Most of us should all now have heard of the Government’s new National Living Wage. This is not to be confused with the voluntary Living Wage which is promoted by the Living Wage Foundation. It is the latter which increased by 40p on Monday. The National Living Wage is going to be introduced by Government in April 2016 and is something all employers have to pay to staff over the age of 25. But is it universally supported?
Costs to rise?
From April 2016, companies will have to pay their staff a minimum of £7.20 per hour for those over 25 years of age, rising to above £9 by 2020. I know that many companies in our industry, including our own family run business, already pay more than £7.20 per hour.
However some do not. It’s not known how many window and door companies, be it installer, fabricator or sysco, this new law affect, but it’s probably safe to say a good proportion will have to raise the wages they pay. Not a bad thing, especially if you’re the employee benefiting from the raise in pay. Can businesses say the same though?
I was listening to BBC Radio 5Live on a foggy Monday morning to work and they had a Director of a fairly big company (didn’t catch who) being interviewed. It was his opinion that if businesses can afford it, they should look to raise their wages, if they haven’t already done so. Whilst I think we can all agree that morally this is right, there will be some businesses that are already hovering on that line between breaking even and making a loss that will not be looking forward to next April.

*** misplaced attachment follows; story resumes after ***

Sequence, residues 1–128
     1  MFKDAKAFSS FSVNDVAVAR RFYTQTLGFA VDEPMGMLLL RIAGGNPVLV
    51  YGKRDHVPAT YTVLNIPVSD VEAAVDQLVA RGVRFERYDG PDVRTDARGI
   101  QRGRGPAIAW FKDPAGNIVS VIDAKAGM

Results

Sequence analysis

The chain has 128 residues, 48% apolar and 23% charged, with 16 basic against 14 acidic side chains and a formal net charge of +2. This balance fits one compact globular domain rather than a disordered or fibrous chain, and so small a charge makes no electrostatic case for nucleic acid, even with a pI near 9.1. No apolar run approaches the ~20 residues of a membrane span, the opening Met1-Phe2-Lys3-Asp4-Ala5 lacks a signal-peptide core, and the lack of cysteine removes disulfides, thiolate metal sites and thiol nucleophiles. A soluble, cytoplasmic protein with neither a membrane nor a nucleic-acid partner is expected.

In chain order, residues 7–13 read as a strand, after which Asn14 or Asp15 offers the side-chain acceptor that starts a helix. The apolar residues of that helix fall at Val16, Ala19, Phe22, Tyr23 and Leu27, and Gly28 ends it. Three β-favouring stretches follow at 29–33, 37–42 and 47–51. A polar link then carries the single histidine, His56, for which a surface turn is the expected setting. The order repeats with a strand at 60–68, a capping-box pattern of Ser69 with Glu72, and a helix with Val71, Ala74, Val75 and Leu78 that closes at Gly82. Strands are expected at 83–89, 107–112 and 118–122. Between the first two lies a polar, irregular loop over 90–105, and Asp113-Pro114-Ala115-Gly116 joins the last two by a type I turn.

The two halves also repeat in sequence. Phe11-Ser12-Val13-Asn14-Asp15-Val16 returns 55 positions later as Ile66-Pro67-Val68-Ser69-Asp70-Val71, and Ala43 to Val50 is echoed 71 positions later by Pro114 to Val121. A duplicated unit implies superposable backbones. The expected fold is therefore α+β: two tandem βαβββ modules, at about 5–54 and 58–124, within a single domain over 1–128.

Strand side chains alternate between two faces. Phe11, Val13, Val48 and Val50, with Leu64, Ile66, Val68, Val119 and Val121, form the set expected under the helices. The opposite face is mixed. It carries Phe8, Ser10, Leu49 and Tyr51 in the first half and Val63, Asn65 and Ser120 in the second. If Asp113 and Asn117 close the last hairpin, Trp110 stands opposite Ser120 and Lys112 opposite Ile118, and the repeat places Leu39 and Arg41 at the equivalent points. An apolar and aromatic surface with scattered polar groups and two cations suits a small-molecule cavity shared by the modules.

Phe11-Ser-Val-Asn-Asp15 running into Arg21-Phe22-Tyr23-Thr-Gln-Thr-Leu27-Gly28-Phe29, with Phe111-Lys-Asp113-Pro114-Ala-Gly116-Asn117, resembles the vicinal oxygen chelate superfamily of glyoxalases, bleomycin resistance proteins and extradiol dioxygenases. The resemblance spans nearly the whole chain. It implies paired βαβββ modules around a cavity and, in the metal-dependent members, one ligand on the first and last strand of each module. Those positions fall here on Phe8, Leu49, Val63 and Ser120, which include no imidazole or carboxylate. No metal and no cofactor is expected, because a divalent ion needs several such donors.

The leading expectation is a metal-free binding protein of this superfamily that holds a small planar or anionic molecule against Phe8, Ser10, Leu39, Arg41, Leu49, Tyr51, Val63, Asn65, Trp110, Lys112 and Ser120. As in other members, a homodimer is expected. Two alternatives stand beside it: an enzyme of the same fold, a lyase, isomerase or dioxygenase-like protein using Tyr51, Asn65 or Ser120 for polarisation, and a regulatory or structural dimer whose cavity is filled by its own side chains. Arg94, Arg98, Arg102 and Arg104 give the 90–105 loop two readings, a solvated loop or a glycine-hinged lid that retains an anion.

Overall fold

So could costs rise?
Cuts in R&D
Companies that can’t afford to just give their staff the extra cash, the only option left open will be to raise costs to help pay for the rise in wages. I received an email on Monday which backed this point up. In it, the sender told me that KPMG and Manchester council will be reviewing the effects of the National Living Wage in April.
It went on to say that a large number of companies were expected to raise costs to pay for the rise in wages, and to compensate that, capital expenditure and R&D departments may be hit.
That report will be worth a read I’m sure. And it is a fair point that is raised. Business would naturally rather not eat into their margins if they don’t have to. So will window and door companies prefer to raise their prices to cover for the rise in wage costs? Will they sneak those prices in? Will they be open and tell their customers that the costs are coming? Time will tell.
The one thing I would be concerned with though is if research and development departments were hit as a result of these wage rises. They have been in overdrive for the past few years and the industry has benefited massively from an array of extremely efficient, sleek and innovative range of window, door and roof products that have propelled our industry way ahead of where it was just a few years ago.
There are more questions than answers at this point. But I would like to hear from both employers and employees about this issue. The comment section below is your place to leave your views.
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